Posted by: oj at June 30, 2005 2:37 PM

b:

So they quit baseball to become what?

Posted by: oj at June 30, 2005 2:48 PM

Salesmen, farmers, shopkeepers, doctors...the same things any other people did.

Posted by: b at June 30, 2005 2:53 PM

In the year after Joe DiMaggio had the 56 game hitting streak, he made $7500.

In the 1960s, only a handful of players made as much as $100,000 and lots made $20-30000/yr. If you've got a successful cattle ranch,car dealership or neighborhood tavern back home, there was a whole lot of incentive to pack it in. In MLB today, where the median salary is like $2 million, the incentive to stick around is enormous. When career utilitymen like Mark McLemore make $40 million in their time of service in MLB, why should they quit?

Posted by: bart at June 30, 2005 3:06 PM

Orrin:

I agree that Cheney won't be veep on January 21, 2009. I see no signs that he's going anywhere before then.

Back to other forecasts...if Biggio doesn't make it to 3,000, I don't think he has a chance at the HOF. If he does make the three-thousand mark, it gets interesting. If there was ever an opportunity for the voters to show they won't be influenced by "automatic" criteria like 3,000 hits or 500 home runs, this might be it.

It's too bad because Biggio easily deserves induction. If I were Pete Rose and had to bet, my wager is that Biggio eventually gets in but will have to wait a few cycles like Sandberg. If he ends up like Santo, it's just as big an injustice as Ronnie's exclusion.

Posted by: Casey Abell at June 30, 2005 4:10 PM

bart:

DiMaggio played in pain because there was nothing else he was competent to do.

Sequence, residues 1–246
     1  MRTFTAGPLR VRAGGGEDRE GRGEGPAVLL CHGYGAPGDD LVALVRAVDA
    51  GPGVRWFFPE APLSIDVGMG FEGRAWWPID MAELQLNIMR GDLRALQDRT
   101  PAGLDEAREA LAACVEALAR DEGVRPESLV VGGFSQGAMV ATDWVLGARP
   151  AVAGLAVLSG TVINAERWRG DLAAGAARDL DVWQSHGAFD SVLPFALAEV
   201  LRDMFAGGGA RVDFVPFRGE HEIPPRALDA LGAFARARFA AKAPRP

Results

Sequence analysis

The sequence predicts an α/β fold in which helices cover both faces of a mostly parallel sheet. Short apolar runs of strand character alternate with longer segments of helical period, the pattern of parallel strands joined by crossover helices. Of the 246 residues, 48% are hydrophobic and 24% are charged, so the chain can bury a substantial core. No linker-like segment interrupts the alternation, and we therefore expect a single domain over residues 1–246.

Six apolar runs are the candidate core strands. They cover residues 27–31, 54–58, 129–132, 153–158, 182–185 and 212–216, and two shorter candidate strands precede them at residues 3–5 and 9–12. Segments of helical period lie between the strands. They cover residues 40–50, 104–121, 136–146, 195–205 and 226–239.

Posted by: oj at June 30, 2005 4:33 PM

Casey:

Kingman and Canseco establish that the vicinity 0f 450 HR doesn't get you in. McGriff stopped before they had to decide about 500. 3,000 hits is automatic and Biggio gets there easily.

Posted by: oj at June 30, 2005 4:36 PM

Wouldn't you know, Mariotti and Paige just argued Biggio as an HOFer on Around the Horn. Mariotti, who may actually have a vote (isn't he a ten-year member of the BBWAA?) argued "no" based on Biggio's less then overwhelming offensive numbers and his relatively poor performance in the MVP voting.

Paige argued "yes" but made the weakest possible argument for induction: Bill James likes Biggio! Considering what James has said about the HOF voters, we better keep this endorsement very, very quiet.

Unfortunately, I think there will be enough Mariottis in the BBWAA to keep Biggio out for at least a few years.

Posted by: Casey Abell at June 30, 2005 5:59 PM

Bart:

In 1970, Roberto Clemente (36 at the time) played in about 140 games and hit .342, I believe. He hit .317 two years later, his final season.

Posted by: jim hamlen at June 30, 2005 7:41 PM

Casey:

Bet my signed first edition of Princess Casseopia?

Posted by: oj at June 30, 2005 8:53 PM

And Clemente is one of about the best 20 position players of all time. Ridiculously over-qualified for the HOF.

Posted by: bart at June 30, 2005 9:13 PM

Bet what? Sorry, I honestly don't know what you're talking about.

Posted by: Casey Abell at June 30, 2005 10:28 PM

Biggio makes it first ballot.

Posted by: oj at June 30, 2005 11:08 PM

oj

My point exactly. Neither Mattingly nor Biggio deserve to be in.

Posted by: Bartman at July 1, 2005 8:10 AM

Mattingly because he's only about 2/3rds of a Hall of Famer and Biggio because he's qualified but not a Yankee?

Posted by: oj at July 1, 2005 8:41 AM

Mattingly doesn't because he only had a few good years and the rest were crap. In his last year he batted eighth in the order. Also, he played a position(first base) where there are lots of great hitters.

If you let in Mattingly, how do you keep out Keith Hernandez, Jeff Bagwell and Kent Hrbek?

Posted by: bart at July 1, 2005 12:43 PM

Alomar may be dq'ed because of his spitting on John Hirshbeck.

Posted by: Robert Schwartz at July 1, 2005 1:14 PM

Also because he is practically the poster boy for lackadaisical play after signing a huge free agency contract.

Posted by: bart at July 1, 2005 1:33 PM